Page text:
Whitsun

EnglishEdit

 
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EtymologyEdit

white +‎ Sunday

PronunciationEdit

NounEdit

Whitsun (plural Whitsuns)

  1. Whitsunday
    • 1909, Sidney Heath, Romance of Symbolism: Fonts and the symbols of baptism - The times [for baptism] of which Whitsun Eve is one, are specified by ... the constitutions for Orthobon for England, Gerona, 517, c. iv.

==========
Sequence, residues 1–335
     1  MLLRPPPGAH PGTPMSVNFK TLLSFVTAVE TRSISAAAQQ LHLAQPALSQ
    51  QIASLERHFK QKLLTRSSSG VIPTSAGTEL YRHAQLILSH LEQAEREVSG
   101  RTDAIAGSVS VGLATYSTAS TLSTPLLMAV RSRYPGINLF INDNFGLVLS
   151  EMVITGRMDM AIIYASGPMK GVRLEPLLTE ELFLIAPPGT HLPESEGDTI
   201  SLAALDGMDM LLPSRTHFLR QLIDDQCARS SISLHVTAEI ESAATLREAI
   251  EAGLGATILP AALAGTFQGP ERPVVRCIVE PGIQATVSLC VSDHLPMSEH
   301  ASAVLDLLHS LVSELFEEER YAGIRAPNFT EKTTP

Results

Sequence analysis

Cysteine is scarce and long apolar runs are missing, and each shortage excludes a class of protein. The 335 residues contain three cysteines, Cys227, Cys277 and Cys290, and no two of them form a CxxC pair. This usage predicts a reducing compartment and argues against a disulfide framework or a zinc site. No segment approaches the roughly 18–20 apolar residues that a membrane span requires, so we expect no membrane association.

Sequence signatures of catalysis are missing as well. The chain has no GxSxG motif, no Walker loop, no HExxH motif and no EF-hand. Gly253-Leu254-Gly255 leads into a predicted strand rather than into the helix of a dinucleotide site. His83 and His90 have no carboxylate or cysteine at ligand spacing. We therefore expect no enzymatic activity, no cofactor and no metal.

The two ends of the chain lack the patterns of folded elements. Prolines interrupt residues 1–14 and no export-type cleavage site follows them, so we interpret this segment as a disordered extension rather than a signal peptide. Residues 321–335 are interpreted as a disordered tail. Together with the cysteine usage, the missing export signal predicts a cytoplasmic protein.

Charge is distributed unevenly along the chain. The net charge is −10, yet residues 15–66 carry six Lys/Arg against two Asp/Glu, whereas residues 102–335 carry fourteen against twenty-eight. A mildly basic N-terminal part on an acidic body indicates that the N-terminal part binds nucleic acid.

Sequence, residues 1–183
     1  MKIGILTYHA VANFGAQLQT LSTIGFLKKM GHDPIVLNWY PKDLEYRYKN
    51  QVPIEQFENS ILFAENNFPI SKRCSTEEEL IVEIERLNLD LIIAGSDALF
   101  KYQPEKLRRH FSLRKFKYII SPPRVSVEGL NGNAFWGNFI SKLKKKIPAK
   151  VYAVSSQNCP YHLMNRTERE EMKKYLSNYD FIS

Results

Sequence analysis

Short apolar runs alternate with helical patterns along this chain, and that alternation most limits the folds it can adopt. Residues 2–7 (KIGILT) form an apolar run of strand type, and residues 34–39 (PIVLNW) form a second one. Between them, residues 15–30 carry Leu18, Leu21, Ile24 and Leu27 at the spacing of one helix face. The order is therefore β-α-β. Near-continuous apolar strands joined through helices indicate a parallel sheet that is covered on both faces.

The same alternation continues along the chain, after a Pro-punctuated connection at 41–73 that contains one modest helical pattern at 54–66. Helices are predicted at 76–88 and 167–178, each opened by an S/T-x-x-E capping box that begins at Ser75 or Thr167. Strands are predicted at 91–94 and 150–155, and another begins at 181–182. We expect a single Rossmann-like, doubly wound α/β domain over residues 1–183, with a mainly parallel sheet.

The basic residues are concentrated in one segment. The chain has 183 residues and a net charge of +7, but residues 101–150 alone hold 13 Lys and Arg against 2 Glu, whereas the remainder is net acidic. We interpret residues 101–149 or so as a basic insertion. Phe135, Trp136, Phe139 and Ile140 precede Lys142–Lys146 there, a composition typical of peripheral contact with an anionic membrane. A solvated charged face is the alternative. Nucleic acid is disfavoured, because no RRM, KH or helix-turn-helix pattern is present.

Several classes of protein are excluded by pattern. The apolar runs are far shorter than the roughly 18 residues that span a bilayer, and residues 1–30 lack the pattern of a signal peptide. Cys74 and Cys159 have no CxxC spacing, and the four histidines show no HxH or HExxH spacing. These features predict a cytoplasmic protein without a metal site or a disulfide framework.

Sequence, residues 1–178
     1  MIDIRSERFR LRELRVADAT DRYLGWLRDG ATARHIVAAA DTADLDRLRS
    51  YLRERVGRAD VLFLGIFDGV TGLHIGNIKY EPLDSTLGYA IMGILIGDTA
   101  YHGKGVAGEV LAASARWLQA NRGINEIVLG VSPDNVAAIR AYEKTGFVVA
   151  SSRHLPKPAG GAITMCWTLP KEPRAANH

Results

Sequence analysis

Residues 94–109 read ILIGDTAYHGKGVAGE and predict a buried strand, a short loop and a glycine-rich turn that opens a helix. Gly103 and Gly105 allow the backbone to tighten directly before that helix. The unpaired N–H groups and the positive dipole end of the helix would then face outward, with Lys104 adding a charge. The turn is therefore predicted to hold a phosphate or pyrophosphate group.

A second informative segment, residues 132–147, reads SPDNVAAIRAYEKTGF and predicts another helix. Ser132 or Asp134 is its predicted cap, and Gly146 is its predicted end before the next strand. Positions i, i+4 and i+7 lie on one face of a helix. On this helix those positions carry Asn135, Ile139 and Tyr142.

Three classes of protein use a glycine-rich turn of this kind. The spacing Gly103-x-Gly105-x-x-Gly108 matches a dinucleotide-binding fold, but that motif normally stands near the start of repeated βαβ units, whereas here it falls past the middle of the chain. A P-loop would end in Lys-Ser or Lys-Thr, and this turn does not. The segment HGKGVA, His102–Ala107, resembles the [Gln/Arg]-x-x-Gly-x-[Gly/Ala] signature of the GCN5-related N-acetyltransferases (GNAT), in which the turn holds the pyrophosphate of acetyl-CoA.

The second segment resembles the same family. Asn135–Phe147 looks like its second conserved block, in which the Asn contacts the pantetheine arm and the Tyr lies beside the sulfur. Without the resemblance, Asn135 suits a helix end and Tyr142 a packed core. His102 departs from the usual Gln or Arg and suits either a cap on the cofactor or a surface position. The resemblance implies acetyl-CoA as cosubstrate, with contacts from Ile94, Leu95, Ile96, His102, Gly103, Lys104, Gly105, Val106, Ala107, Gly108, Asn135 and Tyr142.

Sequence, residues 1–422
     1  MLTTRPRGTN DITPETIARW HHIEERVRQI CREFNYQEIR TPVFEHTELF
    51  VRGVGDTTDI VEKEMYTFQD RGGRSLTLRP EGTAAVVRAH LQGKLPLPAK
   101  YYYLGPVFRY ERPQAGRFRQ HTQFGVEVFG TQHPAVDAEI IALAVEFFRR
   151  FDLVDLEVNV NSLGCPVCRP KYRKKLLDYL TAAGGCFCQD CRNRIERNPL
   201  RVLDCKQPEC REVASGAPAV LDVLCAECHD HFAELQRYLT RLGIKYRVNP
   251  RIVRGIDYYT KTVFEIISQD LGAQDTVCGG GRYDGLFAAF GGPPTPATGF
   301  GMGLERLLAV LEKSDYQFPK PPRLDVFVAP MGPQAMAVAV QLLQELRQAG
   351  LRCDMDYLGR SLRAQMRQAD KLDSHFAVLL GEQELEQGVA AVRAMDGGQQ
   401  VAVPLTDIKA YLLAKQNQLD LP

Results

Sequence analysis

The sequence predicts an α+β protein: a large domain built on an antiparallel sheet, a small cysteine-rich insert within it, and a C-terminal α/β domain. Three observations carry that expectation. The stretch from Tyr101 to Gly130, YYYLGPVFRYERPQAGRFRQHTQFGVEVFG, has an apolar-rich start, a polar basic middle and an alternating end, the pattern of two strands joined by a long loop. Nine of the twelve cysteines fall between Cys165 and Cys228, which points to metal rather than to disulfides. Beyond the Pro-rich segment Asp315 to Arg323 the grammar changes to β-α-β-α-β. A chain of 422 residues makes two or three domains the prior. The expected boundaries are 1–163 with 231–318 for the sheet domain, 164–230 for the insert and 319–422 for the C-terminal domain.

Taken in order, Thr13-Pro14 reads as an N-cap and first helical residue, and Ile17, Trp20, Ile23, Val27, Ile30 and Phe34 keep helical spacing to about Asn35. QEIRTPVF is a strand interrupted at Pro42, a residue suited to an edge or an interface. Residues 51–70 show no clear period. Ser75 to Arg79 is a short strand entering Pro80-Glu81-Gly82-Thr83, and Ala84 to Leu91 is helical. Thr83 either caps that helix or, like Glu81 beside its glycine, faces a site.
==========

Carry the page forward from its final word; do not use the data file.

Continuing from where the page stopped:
2. The holiday beginning on Whitsunday
    • 1978, Peter Bailey, Leisure and class in Victorian England: Rational recreation and the contset for control, quoting "a British observation from early 20th century", read in Orvar Löfgren, On Holiday: A History of Vacationing (2002) - The excursion train used to vomit forth, at Easter and in Whitsun week, throngs of millhands of the period, cads and their flames, tawdry, blowsy, noisy, drunken.

SynonymsEdit

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AdjectiveEdit

Whitsun (not comparable)

  1. Of, or relating to Whitsunday or Whitsuntide

AnagramsEdit